Billie Eilish v. Kim Gordon - Who Wore It Better?
Written by Maya Kotomori
This title is clickbait. I have no authorly will to pit two women against each other – a sin in this century’s former years’ unofficial feminist scripture. My general desire, instead, is to consider how these two women show a bond of sisterhood – a virtue from a different page of the same feminist scripture. In thinking about feminism and women, time and place, I think about Billie Eilish and Kim Gordon (yes, respectively).
I remember reading this quote from Billie earlier this year, and decided to ignore it at risk of deep frying my brain. Don’t get me wrong – Billie is great. I consider “bad guy” an objectively amazing feat in minimalist music production and frequently scream “when the party’s over” when the party is over. I really want to like Billie. That being said:
“‘Just because the story isn't real doesn't mean it can't be important,’ she said. ‘There's a difference between lying in a song and writing a story. There are tons of songs where people are just lying.’” Vogue March 2020
“‘There's a lot of that in rap right now, from people that I know who rap,’ she continued. ‘It's like, 'I got my AK-47, and I'm f---ing,' and I'm like, what? You don't have a gun. 'And all my b----es,' I'm like, which b----es? That's posturing, and that's not what I'm doing.’”
It’s unproductive to parse out the specific rights and wrongs in what celebrities do and say, purely on the basis that as the audience, we are not privy to the multitude of factors at play behind the scenes that contextualize what we see. This is the power dynamic of performer-spectator that resides with celebrity-audience – we are given a canned version of the person themselves. That’s the point, though: this power dynamic is how Billie is able to perform whatever she wants and remain famous, and unproblematized by the media circus.
Billie is 18, so the reaction surrounding this quote either defended what came off as ignorance as a consequence of her youth, or villainized her on the same basis as an irresponsible teen with too much power. Can we think about a third answer for a moment? My umbrage with Billie’s quote has nothing to do with obsessing over a teenage celebrity’s opinions, and everything to do with the subtext. Effectively, Billie’s words attempt to distinguish herself from rappers by comparison – so as to say there’s nothing wrong with fantasy, except for when that fantasy involves “guns, drugs, and bitches.” To Billie, that’s “posturing.” Ironically, there are many ways we, as the audience, can interpret Billie’s own aesthetic as posturing, as she borrows from the same rappers she vaguely accuses.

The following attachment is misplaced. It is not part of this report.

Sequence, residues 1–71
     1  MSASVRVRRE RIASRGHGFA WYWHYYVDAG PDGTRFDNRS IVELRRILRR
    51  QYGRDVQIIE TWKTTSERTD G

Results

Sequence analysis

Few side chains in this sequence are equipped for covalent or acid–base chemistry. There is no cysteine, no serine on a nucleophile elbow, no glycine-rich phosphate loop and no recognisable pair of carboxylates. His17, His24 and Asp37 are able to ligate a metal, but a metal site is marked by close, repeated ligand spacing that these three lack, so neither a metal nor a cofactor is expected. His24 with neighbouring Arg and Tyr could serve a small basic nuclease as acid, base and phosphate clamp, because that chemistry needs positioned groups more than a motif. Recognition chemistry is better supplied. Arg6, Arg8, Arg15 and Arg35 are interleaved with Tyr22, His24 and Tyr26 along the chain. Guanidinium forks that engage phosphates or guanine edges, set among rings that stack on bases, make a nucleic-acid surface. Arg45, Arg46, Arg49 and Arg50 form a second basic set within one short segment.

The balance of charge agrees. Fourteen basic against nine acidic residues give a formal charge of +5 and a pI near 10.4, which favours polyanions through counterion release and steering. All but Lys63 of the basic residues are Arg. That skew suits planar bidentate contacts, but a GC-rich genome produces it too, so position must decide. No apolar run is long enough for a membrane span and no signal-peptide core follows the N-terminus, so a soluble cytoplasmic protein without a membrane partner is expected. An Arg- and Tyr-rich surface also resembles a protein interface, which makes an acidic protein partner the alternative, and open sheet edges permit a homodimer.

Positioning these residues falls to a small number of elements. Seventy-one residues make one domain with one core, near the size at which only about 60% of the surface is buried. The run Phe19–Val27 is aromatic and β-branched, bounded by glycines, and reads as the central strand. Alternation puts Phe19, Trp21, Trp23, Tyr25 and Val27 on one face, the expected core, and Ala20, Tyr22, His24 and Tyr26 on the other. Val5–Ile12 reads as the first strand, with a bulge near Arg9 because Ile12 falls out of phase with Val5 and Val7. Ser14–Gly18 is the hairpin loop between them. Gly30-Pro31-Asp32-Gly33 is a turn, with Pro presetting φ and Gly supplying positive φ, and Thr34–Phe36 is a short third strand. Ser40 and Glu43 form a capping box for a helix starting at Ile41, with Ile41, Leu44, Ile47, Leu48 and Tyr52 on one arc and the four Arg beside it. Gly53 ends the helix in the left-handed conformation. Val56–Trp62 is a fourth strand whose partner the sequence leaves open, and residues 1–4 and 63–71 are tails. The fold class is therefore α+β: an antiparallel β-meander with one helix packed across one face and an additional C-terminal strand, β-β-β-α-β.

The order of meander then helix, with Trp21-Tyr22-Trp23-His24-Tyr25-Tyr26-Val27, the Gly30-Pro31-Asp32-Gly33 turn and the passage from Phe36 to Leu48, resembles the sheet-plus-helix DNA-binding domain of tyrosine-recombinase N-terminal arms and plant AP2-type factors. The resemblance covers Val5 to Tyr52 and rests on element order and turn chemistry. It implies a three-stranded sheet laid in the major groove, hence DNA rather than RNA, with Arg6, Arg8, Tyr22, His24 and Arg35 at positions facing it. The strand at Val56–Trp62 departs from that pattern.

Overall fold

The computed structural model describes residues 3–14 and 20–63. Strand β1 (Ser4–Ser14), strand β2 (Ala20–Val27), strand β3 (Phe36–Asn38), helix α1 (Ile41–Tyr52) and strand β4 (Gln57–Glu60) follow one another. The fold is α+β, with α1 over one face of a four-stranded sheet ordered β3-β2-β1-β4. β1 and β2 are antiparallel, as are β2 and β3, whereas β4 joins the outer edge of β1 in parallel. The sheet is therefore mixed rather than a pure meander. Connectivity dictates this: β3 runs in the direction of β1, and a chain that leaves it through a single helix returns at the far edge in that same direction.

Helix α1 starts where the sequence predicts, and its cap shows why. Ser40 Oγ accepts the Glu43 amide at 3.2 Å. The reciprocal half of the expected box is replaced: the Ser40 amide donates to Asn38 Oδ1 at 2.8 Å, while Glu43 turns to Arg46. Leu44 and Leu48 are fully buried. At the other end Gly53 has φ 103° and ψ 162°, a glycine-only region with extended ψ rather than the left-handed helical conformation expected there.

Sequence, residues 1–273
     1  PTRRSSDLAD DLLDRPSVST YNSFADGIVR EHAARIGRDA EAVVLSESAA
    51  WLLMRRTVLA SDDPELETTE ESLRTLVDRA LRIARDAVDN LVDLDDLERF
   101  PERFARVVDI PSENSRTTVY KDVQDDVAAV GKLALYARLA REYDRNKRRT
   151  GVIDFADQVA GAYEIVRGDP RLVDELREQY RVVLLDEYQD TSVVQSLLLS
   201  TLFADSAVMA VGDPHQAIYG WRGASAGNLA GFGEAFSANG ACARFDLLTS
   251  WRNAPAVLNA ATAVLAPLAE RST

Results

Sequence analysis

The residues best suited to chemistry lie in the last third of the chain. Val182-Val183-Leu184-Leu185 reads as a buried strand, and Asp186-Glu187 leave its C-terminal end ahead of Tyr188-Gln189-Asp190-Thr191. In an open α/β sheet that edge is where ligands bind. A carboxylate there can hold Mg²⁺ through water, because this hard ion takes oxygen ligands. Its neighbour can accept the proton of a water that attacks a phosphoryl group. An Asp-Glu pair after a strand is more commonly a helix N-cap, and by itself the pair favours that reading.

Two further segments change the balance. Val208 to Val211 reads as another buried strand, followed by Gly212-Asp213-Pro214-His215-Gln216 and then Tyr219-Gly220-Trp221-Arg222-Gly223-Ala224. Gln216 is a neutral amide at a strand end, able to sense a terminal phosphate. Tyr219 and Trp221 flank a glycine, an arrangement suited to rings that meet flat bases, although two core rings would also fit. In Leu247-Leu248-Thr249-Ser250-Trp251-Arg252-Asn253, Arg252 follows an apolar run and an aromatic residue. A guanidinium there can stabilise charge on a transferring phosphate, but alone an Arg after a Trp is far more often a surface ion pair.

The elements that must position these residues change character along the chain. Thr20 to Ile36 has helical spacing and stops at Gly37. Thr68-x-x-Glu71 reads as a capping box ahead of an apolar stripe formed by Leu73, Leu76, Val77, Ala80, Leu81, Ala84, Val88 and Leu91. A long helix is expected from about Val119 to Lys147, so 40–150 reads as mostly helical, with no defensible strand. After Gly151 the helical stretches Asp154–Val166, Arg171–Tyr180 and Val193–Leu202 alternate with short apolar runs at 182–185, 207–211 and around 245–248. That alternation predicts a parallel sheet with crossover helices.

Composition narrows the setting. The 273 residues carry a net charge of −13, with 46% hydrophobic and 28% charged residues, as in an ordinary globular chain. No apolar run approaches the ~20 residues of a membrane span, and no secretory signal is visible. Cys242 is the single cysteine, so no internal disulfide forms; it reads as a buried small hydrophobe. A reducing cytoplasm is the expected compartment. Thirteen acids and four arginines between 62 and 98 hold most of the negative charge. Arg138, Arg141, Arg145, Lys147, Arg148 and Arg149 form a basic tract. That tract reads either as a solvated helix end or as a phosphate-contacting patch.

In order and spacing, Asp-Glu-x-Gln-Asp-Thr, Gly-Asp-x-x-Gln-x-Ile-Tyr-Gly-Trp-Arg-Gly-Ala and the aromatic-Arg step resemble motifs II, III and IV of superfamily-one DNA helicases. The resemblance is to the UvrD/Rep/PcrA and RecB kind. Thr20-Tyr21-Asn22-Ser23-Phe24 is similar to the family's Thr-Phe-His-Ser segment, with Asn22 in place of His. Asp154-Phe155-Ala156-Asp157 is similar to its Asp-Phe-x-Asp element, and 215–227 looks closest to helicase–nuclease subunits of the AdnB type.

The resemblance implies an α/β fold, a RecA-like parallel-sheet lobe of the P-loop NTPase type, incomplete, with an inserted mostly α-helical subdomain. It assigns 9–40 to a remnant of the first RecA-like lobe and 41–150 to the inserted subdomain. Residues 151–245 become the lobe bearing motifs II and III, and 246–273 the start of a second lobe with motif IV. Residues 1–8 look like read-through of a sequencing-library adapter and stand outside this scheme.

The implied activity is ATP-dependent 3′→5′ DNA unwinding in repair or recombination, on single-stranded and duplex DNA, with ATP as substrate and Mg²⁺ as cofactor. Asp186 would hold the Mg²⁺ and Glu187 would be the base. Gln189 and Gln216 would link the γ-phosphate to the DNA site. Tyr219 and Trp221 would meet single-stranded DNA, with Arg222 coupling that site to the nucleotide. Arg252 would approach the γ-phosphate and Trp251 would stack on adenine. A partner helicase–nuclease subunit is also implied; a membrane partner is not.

In fact, when people began voicing qualms about Billie’s looks, she very conveniently clapped back with an official statement about how she dresses the way she dresses to avoid criticism for her body, followed by previews of a conveniently-timed Calvin Klein Ad. Before continuing I would like to give a huge shout out to Ms. Eyelash’s PR team. Using feminism to overshadow racism, groundbreaking.
Billie knows how she looks, and what codified meanings those looks have in the rap/hip-hop communities she borrows from. This adds another layer onto the subtext – one that, to me, clearly says “I dress like a rapper, but ironically. I use fantasy, but I don’t lie. I choose to look like them, but I couldn’t be them.
Instead of pointing out the “them,” I’ll move to Kim Gordon – one of my favorite cultural female figures of all time. Her band, Sonic Youth, lives in mainstream iconography for a multitude of reasons, such as their Goo (1990) album cover, which to this day is one of the most eponymous band tee shirts next to the likes of Nirvana and Dead Kennedys. The breakout single on Goo was the famous tune ‘Kool Thing,’ which Kim Gordon herself described as a sort of fan letter to celebrity obsession and aspiration.
Many moons ago in early quarantine, I picked up a limited-edition copy of Is It My Body? Selected Texts by Kim Gordon. Edited by Branden W. Joseph, Is It My Body? is a collection of Kim’s critical works and art separate from Sonic Youth, containing several interviews of her personal experiences on tour that aren’t detailed in her memoir Girl in A Band. I was introduced to Sonic Youth by way of ‘Kool Thing’ – it was the only song I’d heard at 13 that directly asked for freedom “from male, white corporate oppression.”
Before reading Girl in A Band (which I definitely pre-ordered from Barnes and Noble), I found and downloaded an issue from 1989 of Spin Magazine from Tumblr – the very edition fabled to have spurred ‘Kool Thing.’ Kim’s contribution to the issue was a painful-to-read interview with L.L Cool J – the two seemed to have no chemistry. I was worried that readers of the interview who aligned on the left would herald Kim as a white-knight-slayer-of-misogynists while taking Cool J’s casual statements about women’s subservience seriously, rather than in jest, because he is a black man.